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Minnesota physician describes deployment conditions in Iraq

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Minnesota physician describes deployment conditions in Iraq
Bemidji Minnesota P.O. Box 455 56619

Col. Basil Leblanc's deployment to Iraq has put him in the position of brigade surgeon to soldiers he delivered as babies when he was a young medical student in New Ulm.


"Of course, that's one of the terrific things about the National Guard and especially the Minnesota National Guard -- it's a family operation," Leblanc said.

Leblanc is the brigade surgeon for the Minnesota National Guard 1/34 Brigade Combat Team stationed at Camp Adder in Tallil, south central Iraq. He spoke on Wednesday morning Minnesota time during a conference call from his base. In civilian life, he has an occupational medicine practice with the St. Cloud Medical Group and a family practice at St. John's University in Collegeville.

He is completing a 90-day deployment and will return to the United States next week.

In addition to his responsibilities to soldiers at Camp Adder and the many Forward Operating Bases Minnesota soldiers maintain, he also provides medical care to local Iraqi civilians and works with Iraqi medical officials. He also helps facilitate sending patients to the United States, such as a baby with cleft palate and a teenager with heart problems. The main difficulty is arranging the visas and transportation to the United States, he said.

"Once we get the to the United States there are many surgeons who are happy to treat them for free," Leblanc said.

However, Leblanc explained that the plan is to help Iraq's medical professionals repair and replace the clinics and other infrastructure to bring health care to local people.

"I would say the civilians are doing much better than the military and it all has to do with infrastructure," he said. "We are not trying to substitute care. We are trying to improve their quality of care so they can take care of their own."

Another big effort is to improve the water quality and sewer sanitation for the Iraqi people.

"It's a simple thing, but it takes a lot of effort and rebuilding," Leblanc said. "As you know, we would rather prevent disease than treat it."

Leblanc said he and other Minnesota doctors are deployed for 90 days because none of them can take off for a whole year. However, the Minnesota National Guard wanted the Minnesota soldiers treated by Minnesota doctors.

Besides, he said they are actually training for their mission in their regular practices. For example, in his occupational medicine specialty he deals with trauma from on-the-job injuries, skills that fit with war injuries. Fortunately, he said the traumatic injury rates have been low so far.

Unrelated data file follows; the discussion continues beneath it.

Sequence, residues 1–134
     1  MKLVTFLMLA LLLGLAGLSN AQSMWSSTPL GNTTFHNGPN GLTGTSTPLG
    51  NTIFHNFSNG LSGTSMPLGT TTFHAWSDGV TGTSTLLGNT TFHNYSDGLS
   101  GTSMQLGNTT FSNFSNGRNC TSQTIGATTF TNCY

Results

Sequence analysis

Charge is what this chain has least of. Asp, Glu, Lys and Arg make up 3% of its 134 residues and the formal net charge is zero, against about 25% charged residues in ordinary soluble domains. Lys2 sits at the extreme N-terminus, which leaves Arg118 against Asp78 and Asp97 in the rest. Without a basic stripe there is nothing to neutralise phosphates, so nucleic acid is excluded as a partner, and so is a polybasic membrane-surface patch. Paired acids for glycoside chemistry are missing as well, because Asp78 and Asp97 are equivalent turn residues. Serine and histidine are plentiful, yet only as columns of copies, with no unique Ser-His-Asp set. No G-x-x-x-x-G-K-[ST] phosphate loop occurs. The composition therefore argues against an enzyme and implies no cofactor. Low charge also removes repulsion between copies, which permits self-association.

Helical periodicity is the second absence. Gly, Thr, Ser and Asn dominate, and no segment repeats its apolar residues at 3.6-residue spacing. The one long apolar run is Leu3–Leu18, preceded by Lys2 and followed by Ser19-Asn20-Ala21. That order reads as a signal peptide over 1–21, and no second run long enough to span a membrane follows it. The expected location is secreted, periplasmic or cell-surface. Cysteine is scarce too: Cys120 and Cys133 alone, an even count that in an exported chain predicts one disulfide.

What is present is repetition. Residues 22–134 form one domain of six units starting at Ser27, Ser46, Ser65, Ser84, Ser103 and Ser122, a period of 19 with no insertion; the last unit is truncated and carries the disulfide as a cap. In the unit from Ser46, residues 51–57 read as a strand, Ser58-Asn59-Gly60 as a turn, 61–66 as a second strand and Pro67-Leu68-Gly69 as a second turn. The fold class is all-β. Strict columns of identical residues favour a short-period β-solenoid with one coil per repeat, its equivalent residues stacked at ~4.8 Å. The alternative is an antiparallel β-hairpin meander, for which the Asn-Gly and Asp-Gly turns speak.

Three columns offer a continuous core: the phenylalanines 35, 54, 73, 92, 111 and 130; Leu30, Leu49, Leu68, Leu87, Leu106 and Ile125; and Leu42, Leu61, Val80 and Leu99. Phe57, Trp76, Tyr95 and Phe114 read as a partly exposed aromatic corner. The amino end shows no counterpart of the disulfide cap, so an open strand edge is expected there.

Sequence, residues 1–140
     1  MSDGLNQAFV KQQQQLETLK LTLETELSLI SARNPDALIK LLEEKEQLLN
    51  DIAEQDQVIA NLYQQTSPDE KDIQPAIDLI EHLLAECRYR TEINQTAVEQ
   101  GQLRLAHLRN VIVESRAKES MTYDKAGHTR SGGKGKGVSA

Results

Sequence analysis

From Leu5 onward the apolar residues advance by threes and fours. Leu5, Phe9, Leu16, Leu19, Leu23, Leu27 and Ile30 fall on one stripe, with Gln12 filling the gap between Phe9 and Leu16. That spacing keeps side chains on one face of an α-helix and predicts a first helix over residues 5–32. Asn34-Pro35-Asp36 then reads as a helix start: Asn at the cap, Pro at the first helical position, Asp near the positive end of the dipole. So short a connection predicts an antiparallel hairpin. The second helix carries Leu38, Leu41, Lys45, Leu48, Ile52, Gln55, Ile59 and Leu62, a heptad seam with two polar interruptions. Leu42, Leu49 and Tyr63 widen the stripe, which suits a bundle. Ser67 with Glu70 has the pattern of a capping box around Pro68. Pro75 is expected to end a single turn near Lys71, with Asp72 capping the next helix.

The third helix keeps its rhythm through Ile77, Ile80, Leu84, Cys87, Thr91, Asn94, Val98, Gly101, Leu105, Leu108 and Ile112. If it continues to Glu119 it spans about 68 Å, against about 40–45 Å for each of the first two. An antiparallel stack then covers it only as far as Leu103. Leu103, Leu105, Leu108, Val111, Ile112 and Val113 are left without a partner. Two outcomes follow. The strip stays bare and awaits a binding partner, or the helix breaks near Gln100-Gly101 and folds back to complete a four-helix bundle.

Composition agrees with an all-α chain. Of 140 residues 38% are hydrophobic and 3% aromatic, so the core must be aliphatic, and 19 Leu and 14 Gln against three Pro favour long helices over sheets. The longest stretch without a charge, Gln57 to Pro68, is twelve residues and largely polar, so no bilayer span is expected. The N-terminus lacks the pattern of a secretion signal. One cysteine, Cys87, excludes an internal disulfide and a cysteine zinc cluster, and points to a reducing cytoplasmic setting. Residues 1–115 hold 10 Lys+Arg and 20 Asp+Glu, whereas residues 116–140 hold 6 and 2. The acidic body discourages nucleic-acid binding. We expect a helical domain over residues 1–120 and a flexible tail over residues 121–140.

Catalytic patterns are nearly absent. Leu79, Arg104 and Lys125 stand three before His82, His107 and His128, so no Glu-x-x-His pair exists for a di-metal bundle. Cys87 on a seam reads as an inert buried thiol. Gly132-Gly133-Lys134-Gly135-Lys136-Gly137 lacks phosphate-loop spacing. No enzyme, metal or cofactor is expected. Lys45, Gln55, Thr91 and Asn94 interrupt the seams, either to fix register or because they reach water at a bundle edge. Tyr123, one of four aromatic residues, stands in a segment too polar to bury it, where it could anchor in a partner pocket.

Travel is dangerous, and Camp Adder took some mortar fire a couple of weeks ago, but Leblanc said they have experienced relatively little hostile activity.

Leblanc said wartime medical treatment has advanced trauma treatment. Soldiers are trained for on-the-spot bleeding control and response in the first 10 minutes after someone is hurt, the Platinum 10, as opposed to the Golden Hour.

The most common medical problems are related to skin and heat issues because of the weather, he said. The average temperatures are between 100 and 118 degrees and the Camp Adder area was suffering through a three-day dust storm.

"Imagine taking a large sponge filled with talcum powder," he said. "It really takes a toll on the eyes. Even in a standard uniform, it's hot."

Add to that 30 pounds of body armor and other gear and the heat is hard on everyone, he said.

Leblanc added that in spite of the harsh environment, the Iraqi deployment has given him some wonderful experiences.

"On a normal day, I could look out and see the Ziggurat of Ur, which is a 4,000-year-old temple," he said.

The reminder that they are serving in what was Mesopotamia, the Cradle of Civilization, is humbling, Leblanc said.

"I got to spend Easter Sunday service in the House of Abraham, which has been rebuilt," he said.

He said the soldiers of the 1/34th Brigade are making a difference, but their ability to serve is due to the support they receive at home. He thanked the businesses, community organizations and families, and especially his wife, Shelly, for making it possible for them to complete their mission successfully.